Try as he might, President Trump has not been able to completely kill the legacy of Barack Obama, according to the mainstream media.
He has pulled the U.S. out of the Iran nuclear deal, the Paris Climate Accords on global warming and the Trans-Pacific Partnership – all Obama foreign policy projects.
He has not completely killed Obamacare, but he has removed the individual mandate, ended the practice of reimbursing insurance companies that lose money participating in the federal exchanges and rolled back thousands of Obama-era regulations.
But now, the mainstream media seems to be fighting back. A recent example came Friday when the Philadelphia Inquirer ran a story entitled, “Cory Booker, the 2020 race and Obama’s legacy,” by Julian Zelizer.
“Sen. Cory Booker’s announcement last Friday that he will run for president is not only another sign of the historic diversity of the Democratic Party as it heads into the 2020 presidential primaries. It is a demonstration of the power of former President Barack Obama’s legacy in American politics,” Zelizer wrote in the lead.
The next two paragraphs retell the tale of Obama’s inauguration night, when there were ‘celebrations all over the country among Americans who sensed the significance of the moment. A nation born at a time of slavery had just elected an African-American to the highest position of power.” More than two-thirds of the country saw the election as one of the top three moments of race relations in America in the last 100 years.
The euphoria did not last, Zelizer wrote, because a “hard-edged skepticism” took its place. Certain events “can’t be forgotten – like a series of controversial police shootings of African-American men, a racist ‘birther’ movement that gained airtime in the national media falsely questioning Obama’s legitimacy, the election of Donald Trump, as well as the horror of neo-Nazis marching down the streets of Charlottesville chanting vile anti-Semitic and racist comments.”
And by the time the midterms of 2018 rolled around and Trump had “unleashed his full-throated … campaign message … that stoked nativist fears about a caravan of migrants trying to ‘invade’ the U.S., Obama’s presidential election seemed a world away.”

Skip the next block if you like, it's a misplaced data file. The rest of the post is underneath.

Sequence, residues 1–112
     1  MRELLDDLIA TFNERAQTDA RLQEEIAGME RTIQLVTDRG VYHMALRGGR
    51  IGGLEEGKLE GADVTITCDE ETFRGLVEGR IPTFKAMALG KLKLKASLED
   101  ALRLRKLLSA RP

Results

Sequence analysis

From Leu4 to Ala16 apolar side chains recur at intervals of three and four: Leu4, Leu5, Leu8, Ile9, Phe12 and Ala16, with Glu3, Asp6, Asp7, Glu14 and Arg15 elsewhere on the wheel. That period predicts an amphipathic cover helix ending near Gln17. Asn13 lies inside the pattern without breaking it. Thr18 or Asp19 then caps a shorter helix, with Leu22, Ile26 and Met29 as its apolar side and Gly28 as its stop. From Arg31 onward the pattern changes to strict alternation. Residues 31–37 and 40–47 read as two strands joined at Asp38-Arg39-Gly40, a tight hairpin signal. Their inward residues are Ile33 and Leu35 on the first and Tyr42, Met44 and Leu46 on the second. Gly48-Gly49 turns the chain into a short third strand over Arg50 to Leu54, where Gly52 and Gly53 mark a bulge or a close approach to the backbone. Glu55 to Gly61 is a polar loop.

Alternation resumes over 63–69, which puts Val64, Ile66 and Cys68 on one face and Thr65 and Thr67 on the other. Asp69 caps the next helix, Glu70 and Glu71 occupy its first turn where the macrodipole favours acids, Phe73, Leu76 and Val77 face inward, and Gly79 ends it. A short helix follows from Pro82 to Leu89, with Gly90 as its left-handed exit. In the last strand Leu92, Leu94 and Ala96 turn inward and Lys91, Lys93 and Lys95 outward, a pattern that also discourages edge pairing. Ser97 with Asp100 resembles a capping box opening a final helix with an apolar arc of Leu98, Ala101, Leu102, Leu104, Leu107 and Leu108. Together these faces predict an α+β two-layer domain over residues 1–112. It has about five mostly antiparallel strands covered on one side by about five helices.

But it’s better now. We’re starting to “witness its impact on mainstream party politics,” Zelizer wrote of Obama’s legacy. “The Democratic primaries are already showing how his success transformed the political playing field.”
It is “stunning” to behold the “diversity of Democrats who are running or considering running the primaries,” Zelizer noted. There are four women – including one who is African-American and another who is Hindu.
One is a gay man, another the son of Taiwanese immigrants (Andrew Yang), a Latino who is the son of immigrants (Julian Castro) and, finally, Booker.
“This year’s presidential primaries add to the historic events in 2016 when a female candidate, Hillary Clinton – who secured the nomination – faced off against Bernie Sanders, a Jewish American.”
And it’s not just diversity at the presidential level, there also are all those new women and people of color in Congress, including Alexandria Ocasio-Cortez, D-NY.
She “comes from a Puerto Rican family and is the youngest women ever elected to Congress,” Zelizer pointed out. “In her first few weeks, she shook up Washington with talk of progressive taxation and a Green New Deal. Many Republicans have not liked the fact that when they criticize her, she hits back hard.”
None of these hard-hitting rejoinders were offered as examples, and it is hard to find instances of her effectively countering any of the criticisms leveled against her.
There is no guarantee these diverse candidates will be any more successful in moving the political ball than their predecessors, Zelizer acknowledged, “because of the social biases that are still deeply rooted in our country over matters such as race and gender.
“Yet it would be an equally bad mistake to ignore the reality that this is not your grandfather’s Democratic Party anymore. In fact, it is Obama’s party.”